the crisis. There have to be some bench marks to determine when continued
participation is no longer possible.
The MDC does not have to make these public but it does need to start
planning for two outcomes - the possibility of the contentious issues being
resolved and the GNU continuing and the possibility that things will come to
a head and the GNU collapse. I am of the opinion that we need to keep this
government going for as long as we can but that when it becomes unworkable
then we should disengage fully.
Those in the relationship are better placed to make this judgement
call. What we on the outside can only say is that when the time comes there
must be widespread consultation to ensure that the decision has the support
of ordinary people as well as those in the leadership of the party.
I do not subscribe to the school of thought that says that the MDC
will be the main loser if the GNU fails. Zanu (PF) will still be the
government but only in name because there won't be a country to rule over.
If anything, it may end up being the tipping point for Zanu (PF) as the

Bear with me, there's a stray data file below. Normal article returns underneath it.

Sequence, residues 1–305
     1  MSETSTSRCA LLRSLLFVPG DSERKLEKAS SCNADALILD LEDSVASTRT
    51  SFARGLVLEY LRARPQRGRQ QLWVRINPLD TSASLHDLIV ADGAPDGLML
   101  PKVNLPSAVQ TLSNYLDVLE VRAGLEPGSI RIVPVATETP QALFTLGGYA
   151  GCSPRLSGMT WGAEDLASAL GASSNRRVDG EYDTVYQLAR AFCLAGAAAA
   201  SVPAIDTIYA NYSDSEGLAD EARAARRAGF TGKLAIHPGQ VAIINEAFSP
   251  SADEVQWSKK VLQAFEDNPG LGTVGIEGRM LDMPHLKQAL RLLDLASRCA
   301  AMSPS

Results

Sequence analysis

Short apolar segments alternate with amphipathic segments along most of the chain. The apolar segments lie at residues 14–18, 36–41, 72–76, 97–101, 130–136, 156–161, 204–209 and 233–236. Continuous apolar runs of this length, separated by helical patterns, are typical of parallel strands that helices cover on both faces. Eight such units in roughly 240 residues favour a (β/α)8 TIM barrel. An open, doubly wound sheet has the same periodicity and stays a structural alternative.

people's anger may boil over.
Zanu (PF) would do well to think of the possible consequences before
sounding the death knell on the GNU. The people are now aware that Zanu (PF)
was given a lifeline by the MDC. If they choose to squander it then they
will face the consequences.
The GNU, with all its shortcomings, allows the MDC some measure of
influence and control with regard to the destiny of our nation. For example
it has made it impossible for Gideon Gono to unilaterally dispense of the
World Bank funds. It has given them access to government information as well
as an opportunity to show the people that they can be a government. Everyone
is talking about how the MDC has brought change to people's lives. Everyone
is also aware that the pace of change is being slowed down by Zanu (PF).
These are the benefits accruing from the MDC's participation in the GNU.
Written by Braam Hanekom
Wednesday, 21 October 2009 11:55